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Glen Cove firefighter with a ‘great heart’ donates a kidney to a stranger

Firefighter Pete Prudente begins a donor chain


Maryann Rich, a lifelong Glen Cover, receives a gift every year on Mother’s Day in the form of a plant, which is always waiting outside her front door. There is never a card or any kind of clue as to whom it’s from, but Rich said she doesn’t need any identifiers. She knows it’s from Pete Prudente, a Glen Cove firefighter who has become a friend of hers.

“All of us try to catch him each year, but we can’t,” said Rich, her blue eyes twinkling. “He is so thoughtful, a wonderful person that always takes care of everyone.”

Rich and a group of people that included some Glen Cove firefighters headed to North Shore University Hospital in Manhasset last Friday for Organ Donor Day, which included a presentation that in part honored Prudente for another act of generosity. This time the gift was much bigger — a kidney, which he donated to a stranger on March 25, two days after he turned 59.

“It’s important that people step up and help each other,” said Prudente, a Local Union 15 operating engineer by profession. “My parents always told me there are givers and takers, and encouraged me to help others.”

Prudente prepares lunch — and donates the food — for the Glen Cove or Port Washington Veterans of Foreign Wars once a month. As well, he runs four blood drives in the Glen Cove area each year, and donates blood platelets twice a month. But he acknowledged that donating a kidney was the nicest thing he’s ever done. “And I feel great,” he said, adding that three weeks later, he was back to normal. “There’s nothing to be afraid about in donating.”

His original plan was to donate the kidney to a firefighter, but despite an 11-month search, the hospital couldn’t find a match. Prudente’s blood type, B negative, is rare, and at the one-year mark he would have had to undergo all the testing, which took two months, again.

Dr. Lewis Teperman, vice chairman of surgery and director of the Transplant Center at North Shore, said the hospital reached out to Prudente. “We asked him if he’d give this altruistic gift to someone else,” Teperman said. “It’s amazing to give an organ to someone you don’t know. You go under a knife and could die.”

Prudente agreed, but asked that the kidney recipient be someone with children.

Carmen Sanchez, 60, of Copiague, was a caregiver before she became too ill to work. Her daughter, Adriana Orellana, 20, promised Prudente that she, too, would donate a kidney if he would donate his to her mother. In the world of transplants, that’s referred to as a “donor chain.” To start a chain, the donor needs to be an “altruistic donor,” someone who donates to a stranger, like Prudente.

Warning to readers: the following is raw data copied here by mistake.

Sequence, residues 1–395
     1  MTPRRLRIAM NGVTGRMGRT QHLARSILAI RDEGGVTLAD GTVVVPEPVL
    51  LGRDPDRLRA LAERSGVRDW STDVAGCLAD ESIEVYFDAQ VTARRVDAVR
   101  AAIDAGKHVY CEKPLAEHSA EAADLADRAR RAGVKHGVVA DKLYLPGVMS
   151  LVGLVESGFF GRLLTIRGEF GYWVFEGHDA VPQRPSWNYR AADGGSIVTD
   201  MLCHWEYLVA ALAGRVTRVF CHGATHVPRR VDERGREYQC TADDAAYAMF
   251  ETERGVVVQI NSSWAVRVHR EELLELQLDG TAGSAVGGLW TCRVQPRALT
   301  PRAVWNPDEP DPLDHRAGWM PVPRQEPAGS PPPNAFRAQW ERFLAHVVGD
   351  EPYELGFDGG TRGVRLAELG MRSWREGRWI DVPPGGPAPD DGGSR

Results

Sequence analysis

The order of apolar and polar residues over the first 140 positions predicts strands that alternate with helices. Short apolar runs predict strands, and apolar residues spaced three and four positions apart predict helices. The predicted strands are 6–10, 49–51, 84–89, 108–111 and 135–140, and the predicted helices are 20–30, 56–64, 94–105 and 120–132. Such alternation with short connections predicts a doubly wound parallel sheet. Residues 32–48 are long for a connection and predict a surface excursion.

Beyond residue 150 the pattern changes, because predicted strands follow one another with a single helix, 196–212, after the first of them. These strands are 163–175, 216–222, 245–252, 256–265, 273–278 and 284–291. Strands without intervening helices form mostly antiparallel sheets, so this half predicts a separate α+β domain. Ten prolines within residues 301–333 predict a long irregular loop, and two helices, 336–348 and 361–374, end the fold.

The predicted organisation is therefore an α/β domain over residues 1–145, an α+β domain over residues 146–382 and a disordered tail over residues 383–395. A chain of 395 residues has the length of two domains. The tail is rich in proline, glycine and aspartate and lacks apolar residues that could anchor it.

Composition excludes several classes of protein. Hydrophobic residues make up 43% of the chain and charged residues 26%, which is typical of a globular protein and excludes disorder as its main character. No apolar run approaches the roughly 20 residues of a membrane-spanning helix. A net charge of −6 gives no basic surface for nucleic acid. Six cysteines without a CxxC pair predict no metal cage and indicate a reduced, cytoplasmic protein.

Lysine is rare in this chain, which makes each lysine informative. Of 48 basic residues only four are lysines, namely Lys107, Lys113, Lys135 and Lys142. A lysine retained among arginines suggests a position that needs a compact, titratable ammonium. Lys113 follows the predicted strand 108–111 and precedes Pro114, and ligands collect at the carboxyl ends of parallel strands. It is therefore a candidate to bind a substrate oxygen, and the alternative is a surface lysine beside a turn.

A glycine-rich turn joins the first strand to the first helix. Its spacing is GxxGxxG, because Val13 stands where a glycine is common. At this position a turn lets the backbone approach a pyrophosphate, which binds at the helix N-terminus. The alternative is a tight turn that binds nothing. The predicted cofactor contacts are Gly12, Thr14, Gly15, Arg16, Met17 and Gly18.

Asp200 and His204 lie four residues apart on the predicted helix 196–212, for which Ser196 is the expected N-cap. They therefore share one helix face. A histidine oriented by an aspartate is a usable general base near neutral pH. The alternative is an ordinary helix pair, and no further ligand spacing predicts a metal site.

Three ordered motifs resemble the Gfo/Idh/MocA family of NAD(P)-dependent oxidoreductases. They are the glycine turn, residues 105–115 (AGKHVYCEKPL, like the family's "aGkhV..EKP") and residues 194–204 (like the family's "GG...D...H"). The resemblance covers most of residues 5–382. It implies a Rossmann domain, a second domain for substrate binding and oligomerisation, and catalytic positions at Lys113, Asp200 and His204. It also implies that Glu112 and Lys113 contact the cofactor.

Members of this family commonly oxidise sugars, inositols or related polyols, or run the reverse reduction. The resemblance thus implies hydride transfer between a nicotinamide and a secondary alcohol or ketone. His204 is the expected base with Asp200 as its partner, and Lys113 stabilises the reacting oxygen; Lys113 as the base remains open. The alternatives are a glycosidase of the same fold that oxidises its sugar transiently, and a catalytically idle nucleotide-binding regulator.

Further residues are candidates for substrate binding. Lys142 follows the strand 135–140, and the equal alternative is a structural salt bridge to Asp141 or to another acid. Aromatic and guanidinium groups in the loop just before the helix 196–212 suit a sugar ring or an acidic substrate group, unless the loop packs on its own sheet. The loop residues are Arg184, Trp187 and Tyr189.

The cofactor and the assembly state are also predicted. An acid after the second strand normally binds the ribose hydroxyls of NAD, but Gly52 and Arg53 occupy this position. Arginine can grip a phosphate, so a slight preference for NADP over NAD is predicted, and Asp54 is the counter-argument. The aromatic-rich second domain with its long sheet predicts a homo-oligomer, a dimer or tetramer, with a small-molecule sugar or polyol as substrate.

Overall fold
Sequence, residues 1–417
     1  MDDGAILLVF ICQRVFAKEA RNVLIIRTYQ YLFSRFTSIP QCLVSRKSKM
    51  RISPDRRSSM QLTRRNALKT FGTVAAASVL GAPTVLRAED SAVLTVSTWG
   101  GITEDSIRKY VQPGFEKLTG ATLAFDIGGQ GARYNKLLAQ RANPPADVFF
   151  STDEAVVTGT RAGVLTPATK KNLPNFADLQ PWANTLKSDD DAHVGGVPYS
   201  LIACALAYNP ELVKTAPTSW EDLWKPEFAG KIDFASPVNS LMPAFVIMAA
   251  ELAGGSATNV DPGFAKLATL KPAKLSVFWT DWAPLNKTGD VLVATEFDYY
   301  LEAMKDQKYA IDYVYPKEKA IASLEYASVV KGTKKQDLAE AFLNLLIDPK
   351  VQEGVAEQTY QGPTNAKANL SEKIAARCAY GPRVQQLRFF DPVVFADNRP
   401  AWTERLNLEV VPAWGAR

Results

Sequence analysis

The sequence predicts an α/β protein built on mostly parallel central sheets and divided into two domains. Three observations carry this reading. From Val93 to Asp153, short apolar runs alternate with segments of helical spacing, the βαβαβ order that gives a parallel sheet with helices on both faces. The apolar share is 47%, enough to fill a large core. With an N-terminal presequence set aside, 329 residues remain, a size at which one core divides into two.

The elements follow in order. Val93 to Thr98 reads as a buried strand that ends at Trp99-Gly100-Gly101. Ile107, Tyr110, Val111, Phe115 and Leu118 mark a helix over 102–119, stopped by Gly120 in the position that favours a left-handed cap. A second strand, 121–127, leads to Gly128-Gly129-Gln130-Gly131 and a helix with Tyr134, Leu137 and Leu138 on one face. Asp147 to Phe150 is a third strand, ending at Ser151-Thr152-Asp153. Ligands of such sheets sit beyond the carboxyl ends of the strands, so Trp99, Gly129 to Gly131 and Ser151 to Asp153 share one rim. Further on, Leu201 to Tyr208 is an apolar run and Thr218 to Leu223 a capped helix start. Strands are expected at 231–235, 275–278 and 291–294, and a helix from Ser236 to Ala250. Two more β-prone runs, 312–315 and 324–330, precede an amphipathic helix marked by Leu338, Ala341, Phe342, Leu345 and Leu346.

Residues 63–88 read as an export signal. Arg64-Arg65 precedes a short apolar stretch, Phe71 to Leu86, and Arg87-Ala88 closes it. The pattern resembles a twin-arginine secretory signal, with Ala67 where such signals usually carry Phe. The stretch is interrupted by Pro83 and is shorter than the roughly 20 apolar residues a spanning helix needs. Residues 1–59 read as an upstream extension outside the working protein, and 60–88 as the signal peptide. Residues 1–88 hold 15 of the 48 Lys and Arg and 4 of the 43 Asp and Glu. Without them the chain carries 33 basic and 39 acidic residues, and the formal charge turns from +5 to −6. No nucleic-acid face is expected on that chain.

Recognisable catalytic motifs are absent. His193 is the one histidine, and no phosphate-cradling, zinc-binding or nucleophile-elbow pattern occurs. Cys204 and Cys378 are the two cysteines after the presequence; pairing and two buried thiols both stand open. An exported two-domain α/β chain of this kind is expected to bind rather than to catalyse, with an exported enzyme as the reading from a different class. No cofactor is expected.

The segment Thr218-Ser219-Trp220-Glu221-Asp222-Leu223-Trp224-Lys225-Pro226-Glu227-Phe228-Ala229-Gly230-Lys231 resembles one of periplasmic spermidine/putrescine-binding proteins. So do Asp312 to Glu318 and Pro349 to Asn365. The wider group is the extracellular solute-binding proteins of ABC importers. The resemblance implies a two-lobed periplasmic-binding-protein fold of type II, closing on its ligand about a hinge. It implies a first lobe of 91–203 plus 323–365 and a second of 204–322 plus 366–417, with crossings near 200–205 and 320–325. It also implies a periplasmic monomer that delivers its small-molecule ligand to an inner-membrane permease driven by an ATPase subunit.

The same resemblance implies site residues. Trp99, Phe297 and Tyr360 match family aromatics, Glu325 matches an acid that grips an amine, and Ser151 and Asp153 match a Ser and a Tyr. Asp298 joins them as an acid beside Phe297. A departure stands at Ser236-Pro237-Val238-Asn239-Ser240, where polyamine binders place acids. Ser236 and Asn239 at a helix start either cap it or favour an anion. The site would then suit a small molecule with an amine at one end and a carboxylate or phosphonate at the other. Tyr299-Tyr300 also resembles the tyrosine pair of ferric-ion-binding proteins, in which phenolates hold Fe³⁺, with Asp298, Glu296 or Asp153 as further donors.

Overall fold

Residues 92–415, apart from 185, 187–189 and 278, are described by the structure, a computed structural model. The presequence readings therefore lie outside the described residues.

“Carmen was very ill, and I don’t think she would have lasted another week,” Prudente said. “I’m trying to get my story out so people will do this, too.”

New York state needs more people like Prudente, Teperman said.

Nationally, there are over 110,000 people waiting for organ donations, Alessandro Bellucci, North Shore’s executive director, said, but the list is being whittled down. In New York, however, where 12,000 people are waiting for organs, the list is lengthening. And only 35 percent of New Yorkers are registered as organ donors, the lowest percentage in the country.

“We, in New York, are not doing a great job,” Bellucci said. “Medicaid patients can’t go out of state, where the wait is shorter. People generally wait three to five years for a transplant here. There’s no reason to bury organs.”

The reason why there are so few donations, he said, is misinformation. People of all ages can be donors and still have a traditional funeral after their organs are harvested. And one donor can save up to eight people. In the case of kidneys, people need only one to survive.

Prudente said he wished he had five more kidneys, because he would donate again. Describing himself as a modest person, he amiably answered questions from television and print reporters outside the hospital. He smiled easily, and appeared to enjoy being in photos with fellow firefighters. But he is probably more comfortable secretly leaving plants in front of senior citizens’ homes on Mother’s Day than being the center of attention.

“Pete’s a class act,” said Karl Van Allen, a member of the GCFD for 47 years. “He’s always there for you, and for everybody. You can’t ask for a better person.”

Ex GCFD Chief Bill Basdavanos, another 47-year member, said he was hopeful that Prudente’s story would inspire others to donate kidneys.

Outside the hospital, Frank Petrizzo stood off to the side, watching, as people asked Prudente questions and requested that he pose for photos. Petrizzo, another Glen Cover who had recently undergone a kidney transplant, said he admired Prudente.

Prudente had contacted Petrizzo after reading about his struggles to find a kidney donor on Facebook. “He advocated for me,” Petrizzo said. “We weren’t a match, so he helped me with my fundraising. Pete Prudente is a great man, and he has a great heart.”